Benefits of Robotics Systems for Many Applications | Automation.com

Benefits of Robotics Systems for Many Applications

Benefits of Robotics Systems for Many Applications

By Bob Goossens,  Chief Operating and Technology Officer, Acieta

OSHA estimates that work-related musculoskeletal disorders account for a third of all lost workdays. What’s a musculoskeletal disorder? A muscle strain or injury resulting from performing the same set of movements, repeatedly. Tasks involving repetitive lifting, bending and twisting are bad for worker’s health, but they are great applications for robots.

Preventing worker injuries is just one benefit of using robots in manufacturing. Others include higher productivity, better quality, capacity expansion and the ability to make new products. Some of these benefits are seen everywhere a robot is used — others are specific to the application.

Reliable flexible automation

Robots don’t tire, take breaks or get sick. As long as it’s kept supplied with material, there’s no reason why a robot shouldn’t work 24 hours a day. Modern robots are reliable too, with mean time between failure (MTBF) numbers stretching into years, so concerns about extended downtime and expensive repairs are unfounded. High speeds and good positional repeatability are hallmarks of newer robots — and payloads can be in the hundreds or even thousands of pounds.

Programming has become easier so there’s no need to hire an army of technical specialists. What’s more, the latest systems integrate readily with vision systems for ease of locating parts and fixtures.

By design, robots are flexible and can be quickly reconfigured for product changes. Unlike dedicated automation, they are also low-risk invesents: if the work changes they can usually be redeployed to other duties — there shouldn’t be any concerns about market shifts making equipment obsolete.

Robotic palletizing

According to OSHA, musculoskeletal disorders cost employers billions of dollars. That’s one good reason for implementing robotic palletizing: it protects workers from painful and debilitating injury.

Robots can palletize better than people, too. A robot will load a pallet consistently and uniformly; ensuring the stack of cartons or bags remains stable and adding-in uniform ventilation gaps. Flexible gripper designs mean a palletizing robot can handle a wide variety of cartons and even sacks, and controlled acceleration and deceleration mean no damage to their contents. Adding a vision system increases flexibility and is especially useful in a de-palletizing application.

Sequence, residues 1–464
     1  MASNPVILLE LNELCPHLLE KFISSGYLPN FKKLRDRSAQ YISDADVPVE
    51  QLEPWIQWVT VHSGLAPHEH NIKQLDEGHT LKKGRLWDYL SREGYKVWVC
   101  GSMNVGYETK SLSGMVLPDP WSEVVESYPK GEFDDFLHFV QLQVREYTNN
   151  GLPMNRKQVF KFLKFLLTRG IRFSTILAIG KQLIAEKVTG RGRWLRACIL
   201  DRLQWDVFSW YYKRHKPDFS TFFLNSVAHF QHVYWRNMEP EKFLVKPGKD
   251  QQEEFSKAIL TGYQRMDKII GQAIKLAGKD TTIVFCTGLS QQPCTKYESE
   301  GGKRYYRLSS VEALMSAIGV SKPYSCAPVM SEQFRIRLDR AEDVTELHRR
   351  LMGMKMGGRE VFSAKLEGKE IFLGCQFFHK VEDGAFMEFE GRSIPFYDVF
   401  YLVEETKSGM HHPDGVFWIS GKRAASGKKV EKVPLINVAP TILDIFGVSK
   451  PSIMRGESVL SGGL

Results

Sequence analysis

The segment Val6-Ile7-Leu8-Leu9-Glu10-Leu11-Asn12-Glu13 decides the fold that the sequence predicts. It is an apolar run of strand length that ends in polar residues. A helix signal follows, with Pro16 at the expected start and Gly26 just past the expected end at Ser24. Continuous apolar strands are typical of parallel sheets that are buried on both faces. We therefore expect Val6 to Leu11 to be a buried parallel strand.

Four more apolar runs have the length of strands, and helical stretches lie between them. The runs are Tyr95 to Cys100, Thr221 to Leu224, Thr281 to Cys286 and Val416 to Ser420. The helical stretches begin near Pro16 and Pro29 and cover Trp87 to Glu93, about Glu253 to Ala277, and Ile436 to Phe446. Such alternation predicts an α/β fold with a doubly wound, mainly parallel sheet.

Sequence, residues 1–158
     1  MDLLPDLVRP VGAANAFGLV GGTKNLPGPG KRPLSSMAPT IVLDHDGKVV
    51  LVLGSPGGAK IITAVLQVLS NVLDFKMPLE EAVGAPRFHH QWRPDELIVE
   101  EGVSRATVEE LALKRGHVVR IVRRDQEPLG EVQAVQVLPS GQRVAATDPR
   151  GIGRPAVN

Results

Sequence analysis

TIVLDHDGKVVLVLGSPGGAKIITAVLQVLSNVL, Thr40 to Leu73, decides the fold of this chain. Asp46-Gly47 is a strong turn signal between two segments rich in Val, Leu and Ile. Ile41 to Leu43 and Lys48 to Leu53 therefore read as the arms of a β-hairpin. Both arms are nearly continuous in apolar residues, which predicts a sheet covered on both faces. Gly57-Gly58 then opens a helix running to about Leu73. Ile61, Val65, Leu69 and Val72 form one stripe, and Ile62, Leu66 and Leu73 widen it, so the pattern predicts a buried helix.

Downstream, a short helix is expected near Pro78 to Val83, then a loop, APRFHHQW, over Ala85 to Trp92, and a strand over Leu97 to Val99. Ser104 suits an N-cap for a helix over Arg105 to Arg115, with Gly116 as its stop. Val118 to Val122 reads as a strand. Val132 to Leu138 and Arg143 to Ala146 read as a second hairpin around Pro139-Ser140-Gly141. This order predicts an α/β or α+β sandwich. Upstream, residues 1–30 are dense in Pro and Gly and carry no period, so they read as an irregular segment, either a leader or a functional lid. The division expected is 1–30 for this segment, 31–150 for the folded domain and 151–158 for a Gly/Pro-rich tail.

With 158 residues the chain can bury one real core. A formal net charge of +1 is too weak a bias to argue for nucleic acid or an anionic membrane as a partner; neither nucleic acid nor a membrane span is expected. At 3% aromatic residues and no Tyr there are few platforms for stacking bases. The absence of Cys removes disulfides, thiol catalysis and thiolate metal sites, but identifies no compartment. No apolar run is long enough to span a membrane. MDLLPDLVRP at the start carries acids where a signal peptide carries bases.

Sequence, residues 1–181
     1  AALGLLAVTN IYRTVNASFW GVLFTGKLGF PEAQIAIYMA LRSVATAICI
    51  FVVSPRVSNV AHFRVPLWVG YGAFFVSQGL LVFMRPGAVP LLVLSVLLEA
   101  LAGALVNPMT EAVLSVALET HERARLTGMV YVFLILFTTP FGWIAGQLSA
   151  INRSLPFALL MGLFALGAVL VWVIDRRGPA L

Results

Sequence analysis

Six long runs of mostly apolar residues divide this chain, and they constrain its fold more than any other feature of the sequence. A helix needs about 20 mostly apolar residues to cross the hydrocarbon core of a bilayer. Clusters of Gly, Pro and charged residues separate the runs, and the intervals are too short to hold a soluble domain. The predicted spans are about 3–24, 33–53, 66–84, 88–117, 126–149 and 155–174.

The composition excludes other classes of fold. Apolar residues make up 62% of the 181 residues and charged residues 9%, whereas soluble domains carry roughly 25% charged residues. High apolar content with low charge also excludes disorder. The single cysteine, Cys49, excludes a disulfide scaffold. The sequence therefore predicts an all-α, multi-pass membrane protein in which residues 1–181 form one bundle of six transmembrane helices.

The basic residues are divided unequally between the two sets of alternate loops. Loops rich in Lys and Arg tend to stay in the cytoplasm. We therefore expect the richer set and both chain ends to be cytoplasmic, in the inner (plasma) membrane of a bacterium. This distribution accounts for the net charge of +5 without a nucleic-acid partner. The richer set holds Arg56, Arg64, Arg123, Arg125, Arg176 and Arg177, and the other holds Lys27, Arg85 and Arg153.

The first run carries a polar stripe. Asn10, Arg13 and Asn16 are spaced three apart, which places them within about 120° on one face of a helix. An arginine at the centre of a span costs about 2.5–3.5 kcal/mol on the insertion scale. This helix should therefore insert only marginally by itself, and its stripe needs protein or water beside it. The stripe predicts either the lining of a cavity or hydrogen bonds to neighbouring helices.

Robotic welding

When gas welding, the position of the torch relative to the workpiece is crucial for achieving high-quality welds. A robotic welding system, especially when it includes a part manipulator like a tilt/rotate table, achieves this with far better repeatability than a human welder. Add in the ability of robot to get the torch into spaces too tight for a human and one major benefit of robotic welding becomes clear: it enables the production of welded assemblies that wouldn’t be possible with manual welding. An additional benefit is welder safety: Using a robot protects workers from weld-flash injuries.

Robotic material handling

There are robots that can handle payloads of more than 2,800 pounds, robots with wrist rotation speeds of 3,000 degrees per second, and robots that can reach over 15 feet. While you won’t get all these in a single machine, they illustrate the tremendous material-handling capabilities of modern robots. Whether it’s removing massive forgings from an oven or packing breath mints in a tin, there’s a robot that can do it. A material-handling robot can reach into places that are hazardous for a human, (perhaps because of fumes, heat or pinch points). They can move very fast, and offer great repeatability.

Robotic Transport Units

A Robotic Transport Unit (RTU) is not so much an application as an application enabler. A floor or wall-mounted rail system can move a robot between multiple locations quickly and accurately — adding reach far beyond what a single robot can provide. It might be unloading an oven and taking parts to lathes or mills or it could be a warehousing application where heavy loads need to be placed into and removed from racking. RTUs can be 50 meters long or more and usually feature walkable covers so machine access is never impeded.

Robots protect workers from jobs hazardous to their health, increase capacity and enable new products that couldn’t be produced any other way. It’s hard to think of a manufacturing job that a robot can’t perform faster and with better repeatability.

 Bob Goossens is Chief Operating and Technology Officer for Acieta. The firm specializes in industrial robotics automation with the goal of helping American manufacturing become globally competitive.

 

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